Bill Introduced to Restrict Use of the Abortion Pill
Feb. 6, 2001 (Washington) -- Some Republican lawmakers are once again
mounting an effort to restrict the use of the highly controversial abortion
U.S. Rep. David Vitter, (R-La.), and U.S. Sen. Tim Hutchinson,
(R-Ark.), on Tuesday introduced legislation that would require physicians
prescribing the drug to have previous experience performing surgical abortions.
The bill, similar to one introduced by Hutchinson last year, also would require
prescribing physicians to receive special training, be able to read an
ultrasound, and be able to admit patients to a nearby hospital.
"This bill seeks to ensure that the health of women who
take this drug will not be jeopardized due to the improper administration of
the drug by an inadequately trained health professional," said Hutchinson
at a press conference. "I have no doubt that if women were asked whether
their doctor should be required to be able to read an ultrasound, handle
complications, and get them admitted to the hospital in case of emergency, they
would not hesitate to demand those levels of competence."
"This legislation is about protecting women's health,"
Vitter said. "Last fall, the Clinton-Gore FDA caved into political pressure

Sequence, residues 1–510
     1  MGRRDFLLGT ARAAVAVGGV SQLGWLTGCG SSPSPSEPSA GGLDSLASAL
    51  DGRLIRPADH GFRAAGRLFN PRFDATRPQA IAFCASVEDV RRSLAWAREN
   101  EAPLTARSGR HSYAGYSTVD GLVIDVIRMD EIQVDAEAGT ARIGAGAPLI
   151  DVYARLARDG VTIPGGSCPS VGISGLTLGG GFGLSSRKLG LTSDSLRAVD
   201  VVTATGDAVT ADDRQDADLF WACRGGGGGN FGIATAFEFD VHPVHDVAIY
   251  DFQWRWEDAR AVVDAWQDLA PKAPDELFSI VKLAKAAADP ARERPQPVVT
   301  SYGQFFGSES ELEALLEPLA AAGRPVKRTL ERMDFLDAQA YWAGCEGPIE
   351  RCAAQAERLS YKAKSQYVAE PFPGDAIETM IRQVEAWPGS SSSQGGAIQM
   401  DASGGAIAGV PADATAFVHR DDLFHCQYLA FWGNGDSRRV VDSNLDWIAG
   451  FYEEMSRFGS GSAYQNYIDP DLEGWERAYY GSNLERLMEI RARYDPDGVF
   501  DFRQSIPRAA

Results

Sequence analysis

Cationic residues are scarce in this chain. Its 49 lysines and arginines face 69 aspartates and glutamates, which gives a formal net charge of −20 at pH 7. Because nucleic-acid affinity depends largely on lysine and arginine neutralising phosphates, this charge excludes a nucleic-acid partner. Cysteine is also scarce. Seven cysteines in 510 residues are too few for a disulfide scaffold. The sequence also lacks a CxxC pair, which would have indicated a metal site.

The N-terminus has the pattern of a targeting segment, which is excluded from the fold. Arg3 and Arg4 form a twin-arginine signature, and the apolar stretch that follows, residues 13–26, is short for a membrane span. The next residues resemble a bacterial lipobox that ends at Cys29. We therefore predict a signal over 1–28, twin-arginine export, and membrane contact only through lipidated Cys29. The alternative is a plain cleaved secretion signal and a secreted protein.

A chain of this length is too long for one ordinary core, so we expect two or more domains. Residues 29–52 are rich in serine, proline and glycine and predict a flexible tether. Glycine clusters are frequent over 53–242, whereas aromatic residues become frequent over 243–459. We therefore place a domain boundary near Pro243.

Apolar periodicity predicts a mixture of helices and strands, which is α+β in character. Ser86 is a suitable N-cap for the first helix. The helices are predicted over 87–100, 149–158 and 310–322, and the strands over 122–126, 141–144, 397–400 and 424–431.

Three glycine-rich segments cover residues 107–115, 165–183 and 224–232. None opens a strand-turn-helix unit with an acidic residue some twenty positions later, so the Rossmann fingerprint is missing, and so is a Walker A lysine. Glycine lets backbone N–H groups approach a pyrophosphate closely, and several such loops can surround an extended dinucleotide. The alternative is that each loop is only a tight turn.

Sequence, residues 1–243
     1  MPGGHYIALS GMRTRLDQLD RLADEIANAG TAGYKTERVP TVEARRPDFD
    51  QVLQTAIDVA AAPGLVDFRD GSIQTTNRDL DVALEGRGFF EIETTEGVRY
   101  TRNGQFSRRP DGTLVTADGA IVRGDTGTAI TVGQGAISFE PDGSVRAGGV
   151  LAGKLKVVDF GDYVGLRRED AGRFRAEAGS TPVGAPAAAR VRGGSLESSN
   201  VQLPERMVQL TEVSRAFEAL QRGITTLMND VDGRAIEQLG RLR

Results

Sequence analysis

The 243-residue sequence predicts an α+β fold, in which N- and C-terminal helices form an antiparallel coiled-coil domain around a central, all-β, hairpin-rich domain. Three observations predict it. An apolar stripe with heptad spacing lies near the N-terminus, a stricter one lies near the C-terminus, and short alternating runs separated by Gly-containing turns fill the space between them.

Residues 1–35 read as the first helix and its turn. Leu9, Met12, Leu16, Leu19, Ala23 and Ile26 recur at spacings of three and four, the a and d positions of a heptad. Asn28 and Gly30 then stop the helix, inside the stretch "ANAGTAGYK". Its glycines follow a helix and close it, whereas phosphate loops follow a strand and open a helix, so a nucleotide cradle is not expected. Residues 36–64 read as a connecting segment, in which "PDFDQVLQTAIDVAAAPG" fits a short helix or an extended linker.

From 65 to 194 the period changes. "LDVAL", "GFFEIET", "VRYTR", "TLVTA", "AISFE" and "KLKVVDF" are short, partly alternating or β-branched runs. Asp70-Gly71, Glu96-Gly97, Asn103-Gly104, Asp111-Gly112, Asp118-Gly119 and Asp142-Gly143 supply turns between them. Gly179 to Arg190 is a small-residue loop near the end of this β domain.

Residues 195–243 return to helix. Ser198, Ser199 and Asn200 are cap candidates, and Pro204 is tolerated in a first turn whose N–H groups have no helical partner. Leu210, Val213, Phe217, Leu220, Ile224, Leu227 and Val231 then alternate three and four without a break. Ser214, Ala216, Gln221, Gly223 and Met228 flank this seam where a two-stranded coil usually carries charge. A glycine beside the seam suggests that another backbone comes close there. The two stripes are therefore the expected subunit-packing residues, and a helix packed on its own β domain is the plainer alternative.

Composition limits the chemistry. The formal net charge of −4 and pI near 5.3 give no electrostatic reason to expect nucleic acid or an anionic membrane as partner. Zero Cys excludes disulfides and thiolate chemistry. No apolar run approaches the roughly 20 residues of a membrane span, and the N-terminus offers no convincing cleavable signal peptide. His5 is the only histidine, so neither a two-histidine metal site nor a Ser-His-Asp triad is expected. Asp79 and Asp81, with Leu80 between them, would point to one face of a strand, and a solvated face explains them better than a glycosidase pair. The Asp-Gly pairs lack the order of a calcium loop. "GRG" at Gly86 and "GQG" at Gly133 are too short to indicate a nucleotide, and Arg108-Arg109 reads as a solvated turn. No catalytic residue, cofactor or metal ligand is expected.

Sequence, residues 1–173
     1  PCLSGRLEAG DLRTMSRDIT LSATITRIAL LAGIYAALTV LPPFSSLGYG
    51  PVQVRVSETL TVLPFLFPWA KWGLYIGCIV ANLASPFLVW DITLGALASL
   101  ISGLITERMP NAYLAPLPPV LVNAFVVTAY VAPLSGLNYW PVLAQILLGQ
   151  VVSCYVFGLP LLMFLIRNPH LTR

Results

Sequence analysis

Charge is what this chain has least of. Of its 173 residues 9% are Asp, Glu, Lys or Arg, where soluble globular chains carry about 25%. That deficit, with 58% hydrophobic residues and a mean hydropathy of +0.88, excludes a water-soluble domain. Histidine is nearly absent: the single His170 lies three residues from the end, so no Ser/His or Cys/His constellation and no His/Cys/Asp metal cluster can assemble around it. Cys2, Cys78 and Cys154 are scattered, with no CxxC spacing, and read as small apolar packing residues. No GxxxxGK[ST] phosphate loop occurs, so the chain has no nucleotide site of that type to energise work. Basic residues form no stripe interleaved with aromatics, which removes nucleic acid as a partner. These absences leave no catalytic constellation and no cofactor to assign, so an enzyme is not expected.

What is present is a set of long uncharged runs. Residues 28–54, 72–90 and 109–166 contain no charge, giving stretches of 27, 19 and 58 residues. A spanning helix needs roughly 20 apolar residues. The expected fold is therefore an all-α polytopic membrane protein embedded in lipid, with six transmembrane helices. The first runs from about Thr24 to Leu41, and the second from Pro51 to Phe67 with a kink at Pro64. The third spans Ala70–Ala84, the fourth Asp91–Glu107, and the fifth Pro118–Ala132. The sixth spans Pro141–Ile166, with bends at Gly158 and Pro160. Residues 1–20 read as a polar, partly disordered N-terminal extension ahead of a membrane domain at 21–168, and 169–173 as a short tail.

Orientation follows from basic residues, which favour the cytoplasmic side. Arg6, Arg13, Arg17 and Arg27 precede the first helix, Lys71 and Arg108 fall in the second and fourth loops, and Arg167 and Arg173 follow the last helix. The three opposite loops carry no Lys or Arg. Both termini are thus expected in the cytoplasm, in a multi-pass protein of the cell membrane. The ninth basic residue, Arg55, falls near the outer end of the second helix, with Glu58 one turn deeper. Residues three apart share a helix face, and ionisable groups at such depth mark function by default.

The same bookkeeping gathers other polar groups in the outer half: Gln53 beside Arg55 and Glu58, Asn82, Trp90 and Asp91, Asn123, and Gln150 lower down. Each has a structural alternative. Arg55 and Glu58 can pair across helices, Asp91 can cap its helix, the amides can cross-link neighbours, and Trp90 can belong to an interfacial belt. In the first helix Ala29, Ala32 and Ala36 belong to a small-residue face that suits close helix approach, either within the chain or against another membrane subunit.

from the abortion lobby and hurriedly approved the abortion drug without
crucial health protections for those who use it. Our legislation corrects that
Last September, the FDA approved RU-486, also called
mifepristone and sold under the name Mifeprex, under a set of rules most often
used for the "fast-track" approval of drugs to treat life-threatening
diseases, such as AIDS. The FDA also proposed, but then abandoned, the set of
restrictions outlined in the legislation proposed Tuesday.
But pro-choice forces say the bill is a thinly disguised effort
to chip away at women's right to choose.
"Claims that this legislation is motivated by a concern for
women's health are at best disingenuous, and at worst, dishonest," said
Vicki Saporta, executive director of the National Abortion Federation,
following the Republican press conference.
Although the FDA considered similar restrictions, the agency
subsequently rejected them because they were medically unnecessary and
inconsistent with the way medicine is practiced in the U.S., Saporta noted. In
addition, she pointed out, the FDA did not abandon all of the proposed
restrictions. Doctors prescribing the drug are still required to be able to
complete a surgical abortion or at least have access to another qualified
Joining the National Abortion Federation in protesting the
legislation were several other members of Congress, as well as the National
Abortion Rights Action League (NARAL) and Planned Parenthood of America.
But despite warning that this legislation is a serious threat
and a signal of the current administration's intention to eventually outlaw
abortions, opponents of the legislation predicted that it has little chance of
passing the Senate, even if passed by the House, where antiabortion forces
enjoy their strongest support.